There’s a well-known film maxim that conflict makes for great drama – and this may give us an inkling as to why there’s such a big back catalogue of films that are either all about poker or include a pivotal scene that includes the game. Because, if you’re looking for a game that brings characters together in a highly pressurized situation, there are few better. Plus, the conflict is profoundly psychological so even if you have only the haziest idea of the rules of the game, its significance comes through loud and clear.
With countless examples to choose from, going right back to classic westerns and right up to the modern day, it’s not easy to pick just five examples. But we’ve done our best and we hope you agree with at least some of our choices.
After enjoying huge TV success with The West Wing, Aaron Sorkin made his directorial debut with this 2017 true life story of Molly Bloom. In the 1980s and 90s she earned the title “Princess of Poker” by running poker clubs frequented by the rich and famous. For legal reasons they are not represented in the movie but among the real life celebrities who were said to have been her clients were Tobey Maguire, Leonardo DiCaprio and Ben Affleck. As well as being a gripping drama, the film was highly praised for its realistic poker scenes as many of the extras were genuine poker pros who even had side games going on between takes.
Matt Damon is another actor said to have played at Molly Bloom’s and he had also been exposed to gambling on screen in the Ocean’s Eleven movies. So when it came to playing a student called Mike McDermott in this movie he certainly knew his way round the game. McDermott is studying law but whose real driving ambition is to head for the bright lights of Las Vegas to take part in the World Series of Poker.
The plot is complex, with many twists and turns but essentially, he reunites with an old friend Lester Murphy, played by Edward Norton, who produces a memorable poker quote that is fondly remembered by fans of the game – “Life, like poker, has an element of risk. It shouldn’t be avoided. It should be faced”.
Murphy has just been released from jail and urges Mike to get him into some high-stakes poker games so he can start to pay off some long-standing debts.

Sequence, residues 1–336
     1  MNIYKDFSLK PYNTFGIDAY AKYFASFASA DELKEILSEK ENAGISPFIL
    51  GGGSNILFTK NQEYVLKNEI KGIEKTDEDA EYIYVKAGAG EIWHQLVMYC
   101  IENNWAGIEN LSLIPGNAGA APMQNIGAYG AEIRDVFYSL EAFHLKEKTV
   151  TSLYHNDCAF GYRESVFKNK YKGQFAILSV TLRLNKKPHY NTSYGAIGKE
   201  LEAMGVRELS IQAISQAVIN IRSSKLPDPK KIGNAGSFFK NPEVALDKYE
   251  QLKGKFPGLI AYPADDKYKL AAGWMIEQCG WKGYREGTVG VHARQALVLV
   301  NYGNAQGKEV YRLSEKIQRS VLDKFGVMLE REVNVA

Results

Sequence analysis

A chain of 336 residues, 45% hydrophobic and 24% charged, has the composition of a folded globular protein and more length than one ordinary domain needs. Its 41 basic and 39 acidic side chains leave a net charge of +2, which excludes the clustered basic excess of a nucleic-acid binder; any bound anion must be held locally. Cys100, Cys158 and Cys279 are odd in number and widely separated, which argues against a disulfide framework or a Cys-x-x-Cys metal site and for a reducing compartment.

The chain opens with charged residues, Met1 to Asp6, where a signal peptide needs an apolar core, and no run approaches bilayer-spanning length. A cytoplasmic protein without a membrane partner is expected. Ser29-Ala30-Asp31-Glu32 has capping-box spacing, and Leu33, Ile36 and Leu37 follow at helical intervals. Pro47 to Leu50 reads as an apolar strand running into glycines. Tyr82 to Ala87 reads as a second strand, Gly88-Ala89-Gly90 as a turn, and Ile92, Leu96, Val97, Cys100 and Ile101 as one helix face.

The film reaches a nail-biting finale when Mike goes all in against a merciless opponent called KGB, brilliantly and terrifyingly played by John Malkovich. The direction and camerawork is designed to keep you on the edge of your seat – and it does.
When Daniel Craig burst on the scene as 007 for the first time in 2006 it was quite a culture shock for those of us more used to the Sean Connery and Roger Moore interpretations of the character. Truly a Bond for the new millennium, he was ruthless, violent and driven by a steely-eyed determination. The now infamous poker scene is a classic demonstration of how director Martin Campbell decided to mix things up. There were no more innuendo-filled trips to the casino for Bond. Instead we were treated to a do or die $100 million game in Montenegro. Poisoned by digitalis on the orders of the evil Le Chiffre, Bond excuses himself in the middle of the game to use his trusty Aston Martin’s built-in defibrillator. Naturally, he recovers – and then goes on to sweep the board with a straight flush. It might not be the most realistic of games, but it’s certainly one of the most thrilling ever captured on camera.
The Cincinnati Kid
For pure poker exhilaration, there are few movies to touch this 1965 classic starring a young Steve McQueen, Edward G. Robinson, Ann-Margret and Tuesday Weld.
McQueen is Eric “The Kid” Stoner, an aspiring poker pro who believes he’s got a great chance of taking on and beating the wealthy William Jefferson Slade. They play for hours with the epic battle first favouring one player and then the other. Slade is overtly cheating but The Kid insists on sticking to the rules. The big surprise of the film is that, instead of overcoming Slade and showing that good always wins out, The Kid loses his shirt and is also roundly humiliated in the process. It’s the movie that poker writer Michael Wiesenberg has described as most perfectly capturing the heartbreak that the game can bring.
High Roller: The Stu Ungar Story
The average man in the street wouldn’t be able to tell you who Stu Ungar was. But for anyone who knows the modern history of the game he was arguably one of the greatest players of all time, having been victorious the WSOP Main Event – the poker equivalent of the Olympics – no less than three times before his untimely death from a coronary at the tragically young age of 45. In the movie he’s played by Michael Imperioli, best known as Tony Soprano’s nephew Christopher Moltisanti. The set-up is that he’s in a featureless hotel room telling a stranger about episodes from his life in a series of flashbacks. As an examination of how a professional poker player thinks and acts, it can’t be bettered.
Taken together, these five films amply demonstrate just what a great subject poker can be, whether the genre is bio-pic or drama – and, with the game constantly gaining in popularity, no doubt it will continue to be a film makers’ favourite for many years to come.